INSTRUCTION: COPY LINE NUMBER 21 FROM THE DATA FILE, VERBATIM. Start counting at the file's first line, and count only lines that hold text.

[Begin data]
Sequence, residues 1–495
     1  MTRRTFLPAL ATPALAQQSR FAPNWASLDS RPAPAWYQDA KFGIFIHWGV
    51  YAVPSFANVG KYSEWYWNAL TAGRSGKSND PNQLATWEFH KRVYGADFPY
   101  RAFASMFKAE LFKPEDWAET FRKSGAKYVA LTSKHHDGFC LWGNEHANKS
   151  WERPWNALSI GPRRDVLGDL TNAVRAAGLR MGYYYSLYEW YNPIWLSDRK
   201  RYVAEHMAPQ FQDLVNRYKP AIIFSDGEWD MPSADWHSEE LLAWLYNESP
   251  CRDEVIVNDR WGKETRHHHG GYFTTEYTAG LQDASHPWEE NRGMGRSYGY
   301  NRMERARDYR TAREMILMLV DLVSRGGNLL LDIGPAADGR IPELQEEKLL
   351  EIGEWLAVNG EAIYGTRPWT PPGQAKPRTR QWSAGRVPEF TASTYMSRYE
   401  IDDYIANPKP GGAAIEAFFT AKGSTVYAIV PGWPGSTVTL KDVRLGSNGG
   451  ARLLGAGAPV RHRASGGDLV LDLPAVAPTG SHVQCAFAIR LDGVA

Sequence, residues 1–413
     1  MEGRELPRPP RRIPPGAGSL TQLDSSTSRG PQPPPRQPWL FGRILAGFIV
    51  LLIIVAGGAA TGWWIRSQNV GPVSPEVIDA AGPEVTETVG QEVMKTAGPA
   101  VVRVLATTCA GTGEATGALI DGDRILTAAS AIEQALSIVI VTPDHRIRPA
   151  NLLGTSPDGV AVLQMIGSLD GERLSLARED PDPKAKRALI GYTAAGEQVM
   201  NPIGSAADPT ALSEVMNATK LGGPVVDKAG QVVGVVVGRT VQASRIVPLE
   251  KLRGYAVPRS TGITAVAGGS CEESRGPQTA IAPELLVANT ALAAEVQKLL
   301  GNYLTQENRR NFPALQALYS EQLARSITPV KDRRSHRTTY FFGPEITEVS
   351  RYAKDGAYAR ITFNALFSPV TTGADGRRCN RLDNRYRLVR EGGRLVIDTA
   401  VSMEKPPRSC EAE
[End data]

   401  VSMEKPPRSC EAE